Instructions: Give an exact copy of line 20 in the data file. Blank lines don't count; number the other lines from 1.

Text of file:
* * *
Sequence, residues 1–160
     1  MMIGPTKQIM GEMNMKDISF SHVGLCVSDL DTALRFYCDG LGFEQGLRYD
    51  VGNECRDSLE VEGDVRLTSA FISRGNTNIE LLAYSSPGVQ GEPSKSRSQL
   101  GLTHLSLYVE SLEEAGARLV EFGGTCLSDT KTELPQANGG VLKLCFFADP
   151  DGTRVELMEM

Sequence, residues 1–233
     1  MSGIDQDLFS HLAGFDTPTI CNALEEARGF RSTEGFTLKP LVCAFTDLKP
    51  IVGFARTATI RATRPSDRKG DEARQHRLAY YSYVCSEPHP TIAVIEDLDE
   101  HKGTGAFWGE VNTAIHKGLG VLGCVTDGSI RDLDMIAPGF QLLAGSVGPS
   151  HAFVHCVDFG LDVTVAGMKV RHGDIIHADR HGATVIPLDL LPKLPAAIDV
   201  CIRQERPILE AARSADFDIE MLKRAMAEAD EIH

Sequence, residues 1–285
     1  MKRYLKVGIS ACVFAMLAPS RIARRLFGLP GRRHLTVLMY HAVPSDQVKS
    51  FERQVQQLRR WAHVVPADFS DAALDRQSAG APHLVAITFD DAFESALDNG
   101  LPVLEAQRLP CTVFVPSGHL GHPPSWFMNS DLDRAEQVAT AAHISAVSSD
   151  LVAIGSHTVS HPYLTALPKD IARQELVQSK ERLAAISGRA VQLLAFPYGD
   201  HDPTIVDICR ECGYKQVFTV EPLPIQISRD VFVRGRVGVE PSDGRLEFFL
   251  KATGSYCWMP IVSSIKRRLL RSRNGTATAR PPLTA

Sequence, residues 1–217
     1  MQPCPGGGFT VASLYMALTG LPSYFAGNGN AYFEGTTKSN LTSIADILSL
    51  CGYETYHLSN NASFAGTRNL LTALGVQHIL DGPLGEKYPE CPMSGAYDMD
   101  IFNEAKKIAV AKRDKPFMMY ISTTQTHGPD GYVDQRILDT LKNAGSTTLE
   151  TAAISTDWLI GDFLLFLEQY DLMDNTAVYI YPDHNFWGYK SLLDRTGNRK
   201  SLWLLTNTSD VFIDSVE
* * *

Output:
     1  MQPCPGGGFT VASLYMALTG LPSYFAGNGN AYFEGTTKSN LTSIADILSL